As more employers push providers to compete on price and signal that the wide-ranging disparities in health care pricing are unacceptable, this practice is much more likely to become the accepted way of doing business in the health care field.
We have written extensively about the need for greater health care pricing transparency in the past. But now a few emerging examples illustrate what employers can do with this information once they have it. Even though these employers are large and have more leverage, the steps they are taking are important to long-term attempts to rein in health care costs. As more employers push providers to compete on price and signal that the wide-ranging disparities in health care pricing are unacceptable, this practice is much more likely to become the accepted way of doing business in the health care field.
Now to the details. As reported in in The New York Times recently, the California Public Employees’ Retirement System (CalPERS) reduced costs for certain health care interventions by up to 19% after partnering with Anthem Blue Cross to set reimbursement levels for certain procedures and tests, including MRIs and knee and hip replacements. CalPERS negotiates the pricing and compiles a list of those providers for employees to use when seeking care.
For example, CalPERS sets a reference price for hip or knee replacement at $30,000 and lines up providers willing to charge that amount for these procedures. The patient pays 10% coinsurance. However, if that individual chooses a provider that charges more than the CalPERS $30,000 reference price, the individual is responsible for paying the coinsurance amount plus any additional cost above the $30,000 reference price.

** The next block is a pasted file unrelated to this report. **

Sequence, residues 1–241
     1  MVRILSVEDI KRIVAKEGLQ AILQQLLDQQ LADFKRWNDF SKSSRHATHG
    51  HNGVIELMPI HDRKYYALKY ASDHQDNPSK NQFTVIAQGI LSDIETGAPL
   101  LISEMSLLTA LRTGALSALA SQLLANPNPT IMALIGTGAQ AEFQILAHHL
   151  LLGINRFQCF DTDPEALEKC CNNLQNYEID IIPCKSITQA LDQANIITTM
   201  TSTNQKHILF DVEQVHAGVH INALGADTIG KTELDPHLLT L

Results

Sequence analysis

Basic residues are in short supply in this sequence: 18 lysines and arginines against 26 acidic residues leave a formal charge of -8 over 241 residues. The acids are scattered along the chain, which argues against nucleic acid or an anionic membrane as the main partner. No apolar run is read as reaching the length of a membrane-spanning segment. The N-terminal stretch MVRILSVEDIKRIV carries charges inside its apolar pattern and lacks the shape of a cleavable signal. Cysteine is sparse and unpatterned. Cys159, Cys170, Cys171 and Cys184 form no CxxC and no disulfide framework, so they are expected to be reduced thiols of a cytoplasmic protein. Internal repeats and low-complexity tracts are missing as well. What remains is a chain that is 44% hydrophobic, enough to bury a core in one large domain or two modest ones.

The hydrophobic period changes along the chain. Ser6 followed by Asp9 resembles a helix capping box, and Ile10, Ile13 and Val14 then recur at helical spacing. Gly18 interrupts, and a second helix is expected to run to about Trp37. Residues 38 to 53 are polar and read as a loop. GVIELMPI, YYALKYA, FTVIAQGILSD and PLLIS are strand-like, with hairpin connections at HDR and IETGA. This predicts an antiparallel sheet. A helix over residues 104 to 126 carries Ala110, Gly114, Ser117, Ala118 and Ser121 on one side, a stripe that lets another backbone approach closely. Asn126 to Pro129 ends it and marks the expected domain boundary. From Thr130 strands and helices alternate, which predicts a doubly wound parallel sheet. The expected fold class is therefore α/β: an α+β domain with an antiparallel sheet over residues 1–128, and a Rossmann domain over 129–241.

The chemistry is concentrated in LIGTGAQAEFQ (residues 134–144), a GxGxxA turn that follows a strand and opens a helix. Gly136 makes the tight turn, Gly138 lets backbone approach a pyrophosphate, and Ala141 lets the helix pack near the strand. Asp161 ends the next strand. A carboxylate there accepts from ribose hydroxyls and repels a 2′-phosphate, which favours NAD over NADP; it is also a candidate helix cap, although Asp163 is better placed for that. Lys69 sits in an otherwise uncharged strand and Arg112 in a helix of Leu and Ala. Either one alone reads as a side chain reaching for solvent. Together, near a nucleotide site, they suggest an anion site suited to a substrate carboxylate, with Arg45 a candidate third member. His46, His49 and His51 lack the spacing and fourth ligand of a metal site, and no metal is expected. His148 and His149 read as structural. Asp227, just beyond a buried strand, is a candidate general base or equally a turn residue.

In a way, this approach gives employees no choice but to become better health care consumers. Yet, a key difference here is that these individuals have a clear benchmark to present to any provider they want to use. According to Suzanne Delbanco, the executive director of the Catalyst for Payment Reform, CalPERS saved $16 million in the first year of the program.
In testimony before the U.S. Senate finance committee, Delbanco states that more of this type of information and action is needed. “Transparency on health care prices increases the likelihood that consumers will choose health care providers that deliver effective and cost-efficient care. Price transparency can also be an important tool for health care providers. Recent studies suggest that price transparency can help providers evaluate and identify the most appropriate and affordable care for their patients. Furthermore, employers and health plans cannot implement some of the more promising benefit and network designs without it.”
She points to two examples of how employers can leverage data transparency—in reference pricing and value pricing. For example, reference pricing, which is what CalPERS uses to pay for knee and hip replacements, “establishes a standard price for a drug, procedure, service or bundle of services, and generally requires that health plan members pay any allowed charges beyond this amount,” says Delbanco. “Value pricing is when quality is also taken into consideration in addition to the standard price.”
Although saving money is certainly the primary driver of these approaches, employers are also sending a very strong message to health care providers. “Reference pricing signals to providers that their unwarranted price variation is no longer acceptable and engages consumers in making more value-oriented selections of providers,” says Delbanco. “Price transparency is at the core of these programs, enabling consumers to minimize their financial exposure.”